Burnham, May 27, 2005
CONTROLS on pupils bringing ceremonial knives into
our schools are virtually nonexistant, a survey conducted
by the Slough Express has found.
Of the 12 schools contacted by this newspaper only
one gave a clear policy on the wearing of 'kirpans',
the Sikh ceremonial knife, by pupils.
The quiz of heads and deputy heads followed our report
of how a Burnham Grammar pupil will be allowed to
wear the knife as long as the blade is under two inches
Burnham Grammar is now introducing a system for all
Sikh parents to declare if their child wears the symbol
in the classroom.
NRI, Dr Inderjit Singh, of the Network of Sikh organisations
- who upholds the right to wear the kirpan in schools
- told the Express, staff must know who is wearing
But this week, head-teachers and deputy heads said
it had 'never been an issue', with only one - Burnham
Upper School - having a system of declaration in place.
Concerned parents have contacted the Express all
week with views - one said she would no longer consider
Burnham Grammar as an option for her daughter in light
of the decision.
But many Sikhs contacted us to tell how important
the kirpan is to their religious beliefs and how the
responsibility of wearing one was not borne lightly.
A spokesman for Slough Borough Council told the Express
uniform policies were a matter for the individual
Here are just some of your comments:
John Gould, 36, a paint sprayer from Britwell and
father of Slough and Eton pupil Steve, 14 "I
think it is disgusing, especially when there is a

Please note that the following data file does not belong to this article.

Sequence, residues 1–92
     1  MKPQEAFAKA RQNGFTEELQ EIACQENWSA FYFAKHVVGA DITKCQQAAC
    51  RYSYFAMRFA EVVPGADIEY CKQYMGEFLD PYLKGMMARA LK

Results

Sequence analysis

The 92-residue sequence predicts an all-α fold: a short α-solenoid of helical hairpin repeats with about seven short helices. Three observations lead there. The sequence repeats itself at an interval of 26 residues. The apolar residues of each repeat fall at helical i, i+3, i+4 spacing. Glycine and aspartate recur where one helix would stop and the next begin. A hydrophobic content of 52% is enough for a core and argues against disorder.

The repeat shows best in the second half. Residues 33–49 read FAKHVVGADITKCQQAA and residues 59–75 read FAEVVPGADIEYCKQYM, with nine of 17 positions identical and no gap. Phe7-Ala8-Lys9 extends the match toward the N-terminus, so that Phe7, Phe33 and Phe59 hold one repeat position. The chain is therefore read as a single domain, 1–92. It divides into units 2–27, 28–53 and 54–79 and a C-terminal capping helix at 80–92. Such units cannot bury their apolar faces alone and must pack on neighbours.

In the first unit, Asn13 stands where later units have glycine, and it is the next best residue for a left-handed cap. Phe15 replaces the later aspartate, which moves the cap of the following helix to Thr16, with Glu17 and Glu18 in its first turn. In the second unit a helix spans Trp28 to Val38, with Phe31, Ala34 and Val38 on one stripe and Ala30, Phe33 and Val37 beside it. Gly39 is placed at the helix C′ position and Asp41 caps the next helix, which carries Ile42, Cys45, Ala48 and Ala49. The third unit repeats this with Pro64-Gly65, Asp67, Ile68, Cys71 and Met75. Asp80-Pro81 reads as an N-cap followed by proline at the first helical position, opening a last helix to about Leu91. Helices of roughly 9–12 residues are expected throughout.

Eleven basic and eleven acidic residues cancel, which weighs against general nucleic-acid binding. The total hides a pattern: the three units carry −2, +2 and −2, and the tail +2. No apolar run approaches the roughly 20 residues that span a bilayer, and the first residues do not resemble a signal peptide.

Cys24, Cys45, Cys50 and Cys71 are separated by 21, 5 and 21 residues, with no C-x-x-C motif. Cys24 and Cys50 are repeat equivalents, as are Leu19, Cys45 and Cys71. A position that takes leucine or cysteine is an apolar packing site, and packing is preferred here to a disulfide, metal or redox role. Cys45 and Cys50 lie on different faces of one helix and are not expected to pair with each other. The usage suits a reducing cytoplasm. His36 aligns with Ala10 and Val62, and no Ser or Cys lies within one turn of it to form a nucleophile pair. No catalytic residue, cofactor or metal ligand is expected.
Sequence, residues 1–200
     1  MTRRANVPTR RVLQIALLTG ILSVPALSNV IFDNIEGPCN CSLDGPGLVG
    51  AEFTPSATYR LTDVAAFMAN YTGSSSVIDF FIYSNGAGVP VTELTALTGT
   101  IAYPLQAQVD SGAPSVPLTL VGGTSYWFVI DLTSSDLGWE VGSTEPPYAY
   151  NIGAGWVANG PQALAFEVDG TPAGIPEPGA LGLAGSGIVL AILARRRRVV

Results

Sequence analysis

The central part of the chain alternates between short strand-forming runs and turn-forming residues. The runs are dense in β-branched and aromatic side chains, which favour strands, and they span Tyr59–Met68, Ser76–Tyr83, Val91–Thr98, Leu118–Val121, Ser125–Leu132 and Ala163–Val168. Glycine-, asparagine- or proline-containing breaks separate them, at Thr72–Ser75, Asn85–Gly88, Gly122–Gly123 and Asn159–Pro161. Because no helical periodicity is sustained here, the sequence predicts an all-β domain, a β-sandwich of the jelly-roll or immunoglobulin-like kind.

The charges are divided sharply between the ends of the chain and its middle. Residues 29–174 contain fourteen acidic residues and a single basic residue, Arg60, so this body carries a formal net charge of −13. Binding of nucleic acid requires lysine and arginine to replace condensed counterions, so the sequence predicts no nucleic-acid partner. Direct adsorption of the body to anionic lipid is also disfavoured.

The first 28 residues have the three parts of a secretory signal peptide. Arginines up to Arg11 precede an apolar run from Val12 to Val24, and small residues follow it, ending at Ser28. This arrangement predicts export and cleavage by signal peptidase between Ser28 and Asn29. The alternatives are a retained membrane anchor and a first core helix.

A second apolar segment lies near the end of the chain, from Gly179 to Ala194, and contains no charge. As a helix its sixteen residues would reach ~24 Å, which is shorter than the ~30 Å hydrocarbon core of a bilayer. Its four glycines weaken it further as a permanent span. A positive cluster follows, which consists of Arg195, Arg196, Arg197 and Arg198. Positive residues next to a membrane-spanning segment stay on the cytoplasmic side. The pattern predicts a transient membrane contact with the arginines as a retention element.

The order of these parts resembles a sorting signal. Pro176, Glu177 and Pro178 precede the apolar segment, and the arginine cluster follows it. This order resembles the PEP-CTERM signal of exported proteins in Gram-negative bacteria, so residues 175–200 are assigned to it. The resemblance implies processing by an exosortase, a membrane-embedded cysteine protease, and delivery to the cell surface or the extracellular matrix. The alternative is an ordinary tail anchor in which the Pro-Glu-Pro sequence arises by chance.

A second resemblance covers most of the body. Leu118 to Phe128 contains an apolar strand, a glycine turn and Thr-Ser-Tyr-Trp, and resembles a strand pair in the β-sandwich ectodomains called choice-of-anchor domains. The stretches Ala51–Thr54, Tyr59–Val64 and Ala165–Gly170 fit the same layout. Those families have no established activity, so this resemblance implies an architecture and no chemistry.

girl who can't wear a crucifix which is part of her
"Some people might class me as being racist,
but I am not very happy with them having it. It just
takes one child being bullied and it may be pulled
as a last resort and potentially stab someone."
Sukhvinder Sanghera, 47, a father of three from Baylis
who works as a security officer in Uxbridge: "The
kirpan is one of the five important items of a practising
Sikh, symbolising defence of the downtrodden.
"A baptised Sikh understands repsonsibilities
and acts sensibly.
"I can understand the need for teachers to know
who is wearing kirpans so they are aware of misuse
or them being snatched by someone else.
"It is not really a sword. I can't see it doing
damage when compared to items in geometry class. I
am surprised a crucifix cannot be worn by a practising
The mother of a Burnham Grammar sixth form student,
who did not wish to be named: "I cannot belive
that this boy is being allowed to wear a knife to
"With the level of violence in schools, can
anyone be trusted regardless of their religion.
"He is only a boy. I shall be writing to the
"We are not in India or Pakistan. When in Rome."
Tavandeep Singh Sandhu, 17, lives in Slough and goes
to a Sikh school in Hayes. The blade of his kirpan
is 'more than three inches' long
"The word kirpan comes from 'kirpa' meaning
'mercy' and 'An' meaning 'honour'.
"It's purpose is to defend the honour of those
who cannot defend themselves against oppressors.
"There have never been any cases of kirpans
being snatched from someone."